Journal Article Effectiveness of simplified 15-min refresher BLS training program: a randomized controlled trial.

Nishiyama, Chika  ,  Iwami, Taku  ,  Murakami, Yukiko  ,  Kitamura, Tetsuhisa  ,  Okamoto, Yoshio  ,  Marukawa, Seishiro  ,  Sakamoto, Tetsuya  ,  Kawamura, Takashi

90pp.56 - 60 , 2015-05 , Elsevier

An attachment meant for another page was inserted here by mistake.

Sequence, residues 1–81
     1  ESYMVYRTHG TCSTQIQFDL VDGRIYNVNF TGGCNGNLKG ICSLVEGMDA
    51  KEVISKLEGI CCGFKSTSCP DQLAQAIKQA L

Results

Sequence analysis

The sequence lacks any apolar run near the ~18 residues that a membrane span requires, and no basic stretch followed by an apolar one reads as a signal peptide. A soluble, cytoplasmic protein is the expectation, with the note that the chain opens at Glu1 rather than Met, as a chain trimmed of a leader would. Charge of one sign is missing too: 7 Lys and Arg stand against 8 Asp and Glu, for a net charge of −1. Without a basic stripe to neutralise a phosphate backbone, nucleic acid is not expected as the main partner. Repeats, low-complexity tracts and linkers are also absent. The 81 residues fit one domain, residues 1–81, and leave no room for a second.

[Objectives]To evaluate the long-term effectiveness of 15-min refresher basic life support (BLS) training following 45-min chest compression-only BLS training. [Methods]After the 45-min chest compression-only BLS training, the participants were randomly assigned to either the refresher BLS training group, which received a 15-min refresher training 6 months after the initial training (refresher training group), or to the control group, which did not receive refresher training. Participants’ resuscitation skills were evaluated by a 2-min case-based scenario test 1 year after the initial training. The primary outcome measure was the number of appropriate chest compressions during a 2-min test period. [Results]140 participants were enrolled and 112 of them completed this study. The number of appropriate chest compressions performed during the 2-min test period was significantly greater in the refresher training group (68.9 ± 72.3) than in the control group (36.3 ± 50.8,p = 0.009). Time without chest compressions was significantly shorter in the refresher training group (16.1 ± 2.1 s versus 26.9 ± 3.7 s, p < 0.001). There were no significant differences in time to chest compression (29.6 ± 16.7 s versus 34.4 ± 17.8 s, p = 0.172) and AED use between the groups. [Conclusions]A short-time refresher BLS training program 6 months after the initial training can help trainees retain chest compression skills for up to 1 year. Repeated BLS training, even if very short, would be adopted to keep acquired CPR quality optimal (UMIN-CTR UMIN 000004101).

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